As a matter of fact, however, Morocco does possess a number of MALE drones used for intelligence, surveillance, and reconnaissance (ISR) purposes. Some defence outlets’ articles and, most importantly, satellite images (presented below) as well as videos published on social media reveal that the Kingdom’s armed forces utilise Israeli-built Heron 1s (pictures 1, 3, 4, 5), three EADS Harfangs decommissioned by France (a modified version of the Heron) and likely fly some General Atomics’ Predator XPs acquired from the US in recent years.
Notably, both the XP — which is the exporting version of the iconic MQ-1 Predator — and the Heron 1/Harfang are not armed, while the four above-mentioned SeaGuardians ordered from the US are yet to be delivered.
Figure 1, April 2021. Note the Heron drone inside the hangar – Credits: @obretix via Twitter
Figure 2, April 2021. Note, in particular, the ground control station (yellow container) and the streetlight (orange) visible in Figure 1 - Credits: @obretix via Twitter
Figure 3, Dakhla military airport, November 2018 - Credits: @obretix via Twitter
Figure 4, Dakhla, January 2021 – Source: Twitter
Figure 5, a parked Heron I at Ben Guerir air base, February 2016 – Source: author’s elaboration based on Google Earth imagery
What about combat drones?
Upon closer examination, the first, more “sceptical” hypothesis — albeit plausible — falls short of comprehensively explaining the dynamics of the strike and, therefore, does not exclude a more possibilist option due to a few crucial reasons.
To begin with, the use of F16s in tandem with drones would require substantial manned-unmanned teaming (MUM-T) capabilities Morocco does not possess yet. To be sure, Rabat is bent on improving this aspect, as indicated by the acquisition of two batches of MUMT-T video receivers and air-ground kits to be used with the AH-64E attack helicopters recently purchased from the US, whose delivery will start in the next years.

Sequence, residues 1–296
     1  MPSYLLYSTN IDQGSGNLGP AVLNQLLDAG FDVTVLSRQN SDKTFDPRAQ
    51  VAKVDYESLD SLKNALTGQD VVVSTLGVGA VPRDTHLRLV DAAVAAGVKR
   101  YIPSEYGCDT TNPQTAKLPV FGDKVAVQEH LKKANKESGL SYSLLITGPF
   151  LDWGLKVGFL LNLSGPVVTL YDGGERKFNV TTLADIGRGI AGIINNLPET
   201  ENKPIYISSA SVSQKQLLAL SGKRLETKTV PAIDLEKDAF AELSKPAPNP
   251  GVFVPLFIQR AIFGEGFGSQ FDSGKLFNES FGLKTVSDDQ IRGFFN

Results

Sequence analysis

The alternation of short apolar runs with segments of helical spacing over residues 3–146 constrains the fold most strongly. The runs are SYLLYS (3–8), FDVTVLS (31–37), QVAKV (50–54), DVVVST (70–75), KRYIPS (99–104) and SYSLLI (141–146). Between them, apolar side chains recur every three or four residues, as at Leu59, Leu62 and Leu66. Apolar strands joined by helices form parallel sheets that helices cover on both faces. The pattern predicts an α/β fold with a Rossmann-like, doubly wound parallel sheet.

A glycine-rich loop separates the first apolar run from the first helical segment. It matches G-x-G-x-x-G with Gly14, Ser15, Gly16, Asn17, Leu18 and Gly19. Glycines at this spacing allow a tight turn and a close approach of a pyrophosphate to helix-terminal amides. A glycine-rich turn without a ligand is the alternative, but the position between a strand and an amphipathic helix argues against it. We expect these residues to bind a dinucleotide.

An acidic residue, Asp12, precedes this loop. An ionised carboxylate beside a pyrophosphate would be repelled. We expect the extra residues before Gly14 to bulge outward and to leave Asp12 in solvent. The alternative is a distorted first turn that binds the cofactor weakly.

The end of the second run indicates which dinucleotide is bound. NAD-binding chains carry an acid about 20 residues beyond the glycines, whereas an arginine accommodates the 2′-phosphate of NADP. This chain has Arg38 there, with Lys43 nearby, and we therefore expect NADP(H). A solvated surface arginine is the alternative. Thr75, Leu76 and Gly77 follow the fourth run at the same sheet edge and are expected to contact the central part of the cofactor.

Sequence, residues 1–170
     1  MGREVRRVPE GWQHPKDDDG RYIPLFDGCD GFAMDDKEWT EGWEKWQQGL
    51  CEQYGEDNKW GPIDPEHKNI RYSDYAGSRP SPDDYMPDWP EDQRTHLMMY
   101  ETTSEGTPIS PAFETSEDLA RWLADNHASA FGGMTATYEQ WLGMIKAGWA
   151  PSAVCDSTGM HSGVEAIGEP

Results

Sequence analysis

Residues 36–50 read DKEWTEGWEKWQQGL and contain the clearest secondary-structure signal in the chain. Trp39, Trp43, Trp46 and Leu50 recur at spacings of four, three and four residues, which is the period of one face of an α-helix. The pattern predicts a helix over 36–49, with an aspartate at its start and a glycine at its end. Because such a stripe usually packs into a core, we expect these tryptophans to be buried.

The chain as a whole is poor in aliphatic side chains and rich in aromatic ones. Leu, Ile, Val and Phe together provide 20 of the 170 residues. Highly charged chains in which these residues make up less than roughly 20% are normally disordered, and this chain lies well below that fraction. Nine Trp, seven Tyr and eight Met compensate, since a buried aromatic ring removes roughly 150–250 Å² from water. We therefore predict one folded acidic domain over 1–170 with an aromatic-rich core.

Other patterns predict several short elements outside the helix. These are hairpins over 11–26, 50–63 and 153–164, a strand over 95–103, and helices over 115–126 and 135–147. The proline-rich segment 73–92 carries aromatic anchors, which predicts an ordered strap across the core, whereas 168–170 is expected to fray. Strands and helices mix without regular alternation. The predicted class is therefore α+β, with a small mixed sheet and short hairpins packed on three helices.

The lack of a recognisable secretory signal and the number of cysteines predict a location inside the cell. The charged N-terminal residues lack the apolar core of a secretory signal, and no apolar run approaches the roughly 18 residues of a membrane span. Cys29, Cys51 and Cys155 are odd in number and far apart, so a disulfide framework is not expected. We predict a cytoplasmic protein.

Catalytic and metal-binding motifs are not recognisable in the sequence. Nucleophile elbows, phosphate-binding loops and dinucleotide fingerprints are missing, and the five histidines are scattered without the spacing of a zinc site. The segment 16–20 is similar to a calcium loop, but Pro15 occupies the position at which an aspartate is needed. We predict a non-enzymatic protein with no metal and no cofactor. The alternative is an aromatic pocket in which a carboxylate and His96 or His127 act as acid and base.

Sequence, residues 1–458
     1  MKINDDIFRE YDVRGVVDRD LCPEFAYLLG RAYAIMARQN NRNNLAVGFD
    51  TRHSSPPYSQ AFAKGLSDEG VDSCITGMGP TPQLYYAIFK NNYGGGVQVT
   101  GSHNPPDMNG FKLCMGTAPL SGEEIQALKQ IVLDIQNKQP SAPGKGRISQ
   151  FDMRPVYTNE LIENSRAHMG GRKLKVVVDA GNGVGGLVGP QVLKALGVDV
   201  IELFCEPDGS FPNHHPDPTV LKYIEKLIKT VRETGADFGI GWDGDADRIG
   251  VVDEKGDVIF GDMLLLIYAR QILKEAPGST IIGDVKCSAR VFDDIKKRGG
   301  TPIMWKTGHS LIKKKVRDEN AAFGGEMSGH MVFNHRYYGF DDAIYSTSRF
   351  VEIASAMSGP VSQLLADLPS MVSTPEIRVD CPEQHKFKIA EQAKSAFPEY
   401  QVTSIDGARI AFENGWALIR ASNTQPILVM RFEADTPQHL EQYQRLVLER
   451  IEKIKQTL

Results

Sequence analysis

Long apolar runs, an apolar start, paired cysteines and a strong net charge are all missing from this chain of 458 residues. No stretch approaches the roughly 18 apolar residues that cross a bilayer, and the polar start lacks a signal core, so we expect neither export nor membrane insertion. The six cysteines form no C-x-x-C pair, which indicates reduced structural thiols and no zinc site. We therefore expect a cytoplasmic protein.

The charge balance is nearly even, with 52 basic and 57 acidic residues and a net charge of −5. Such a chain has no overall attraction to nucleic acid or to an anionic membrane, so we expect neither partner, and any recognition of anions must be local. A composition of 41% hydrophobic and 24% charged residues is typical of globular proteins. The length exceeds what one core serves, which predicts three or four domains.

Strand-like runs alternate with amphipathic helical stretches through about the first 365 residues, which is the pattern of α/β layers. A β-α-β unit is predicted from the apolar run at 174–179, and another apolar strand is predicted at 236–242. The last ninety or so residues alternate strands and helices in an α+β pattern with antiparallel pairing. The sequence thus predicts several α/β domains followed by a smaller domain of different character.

Second, the type of munitions suggested by some reports, such as the AGM-114 Hellfire or the AGM-88, are suitable for helicopters or planes, respectively, currently unavailable to Rabat or specifically used against targets such as air defences and radars instead of groups of personnel.
Third, based on the author’s analysis of open-source information, there is satisfactory evidence suggesting the Kingdom might have a fleet of UAVs larger than what most analysts assume, including platforms that can be fitted with kinetic ordnance such as the Chinese-built Wing Loong I (Figures 6-7), which are likely operated from the military airports of El Aaiùn and, possibly, Dakhla (Figure 8), in the northern and southern parts of Western Sahara respectively. This means it would have made little to no sense to employ a fighter jet such as the F16 – based farther away and at higher operational costs – for a mission that could have easily been accomplished with a combat drone.
Whether the Wing Loong(s) were acquired directly from Beijing or through another state remains unknown, although the deepening cooperation with the United Arab Emirates, wherein an undisclosed number of these systems flow, might have been instrumental in this respect.
Quite interestingly, according to a recent Arab Weekly article, Rabat is reportedly finalising a deal with China for the acquisition of Wing Loong platforms but, as the evidence presented here suggests, they would not be the first to overfly the dunes of Western Sahara.
Figure 6, UAV (Wing Loong I) filmed at El-Aaiùn in December 2020 – Source: Twitter
Figure 7 – Source: Twitter
Figure 8, Morocco’s military bases in Western Sahara with confirmed UAV presence – Source: author’s elaboration based on Zoom Earth imagery.